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I think that part of the reason how the reader, particularly a female one, can find resonance in Gilman's work is that it strikes at the basic fear that many women experience. The issue of post partum depression, something that Gilman herself experienced, the idea of a social order that refuses to acknowledge that something is indeed "wrong," and the paternal silencing of women's voices strike fear in any reader. These conditions are particularly relevant to a female reader, who finds that her situation in comparison to the unnamed narrator might not be entirely different. The image of the woman isolated from her own child whom she delivered, contained in a room with no contact with the outsider world, as well as denied means of self expression are particularly scary conditions for any woman to experience.
Gilman is very careful in her depiction. She is not suggesting that the images she presents are how women are or what women should be. Rather, she is focusing on the condition of a voice being silenced. The narrator's voice is being denied by the doctors, by her husband, and by a social order that continually says "everything is fine" and "nothing is wrong." Gilman's depiction is one in which an experience is presented and it seeks to broaden out to the reader's acceptance. It is very likely that a female reader is going to be receptive to this depiction, only because it is part of a historical narrative about what it means to be a woman in America. It makes sense that the story was "rediscovered" in the 1970s, when there was a social groundswell of support for feminism and broadening solidarity amongst women. It is in this spirit that the work speaks to images of women in society. The work is not suggesting that women are what is presented, but rather presenting a narrative in which women's voices are silenced. The reader comes to understand that this is a part of a social and psychological narrative that has to be understood if it to be avoided from being repeated.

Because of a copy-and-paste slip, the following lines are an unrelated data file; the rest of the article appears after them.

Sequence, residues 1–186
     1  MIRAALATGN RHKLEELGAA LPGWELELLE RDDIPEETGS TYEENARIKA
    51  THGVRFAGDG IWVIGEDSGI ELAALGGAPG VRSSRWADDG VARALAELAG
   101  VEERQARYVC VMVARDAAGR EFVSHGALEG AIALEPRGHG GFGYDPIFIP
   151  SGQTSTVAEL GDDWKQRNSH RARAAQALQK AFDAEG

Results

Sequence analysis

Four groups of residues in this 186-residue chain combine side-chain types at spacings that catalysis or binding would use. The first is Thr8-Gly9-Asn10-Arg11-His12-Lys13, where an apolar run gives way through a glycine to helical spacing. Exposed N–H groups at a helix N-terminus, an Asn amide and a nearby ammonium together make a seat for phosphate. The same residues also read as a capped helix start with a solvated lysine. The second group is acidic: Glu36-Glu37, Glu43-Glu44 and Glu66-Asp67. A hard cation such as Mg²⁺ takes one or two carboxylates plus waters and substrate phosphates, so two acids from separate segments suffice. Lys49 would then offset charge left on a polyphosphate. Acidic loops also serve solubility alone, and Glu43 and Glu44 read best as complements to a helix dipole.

I am not sure that it is "coopting" women readers as much as it seeking to broaden experience with them. Millions of women experienced the denial of voice regarding post partum depression. Gilman is, in a sense, "preaching" to ensure that such a condition is understood and validated. It is in this experience of broadening voice and forming solidarity that the female reader could be persuaded to embrace the ideas presented.
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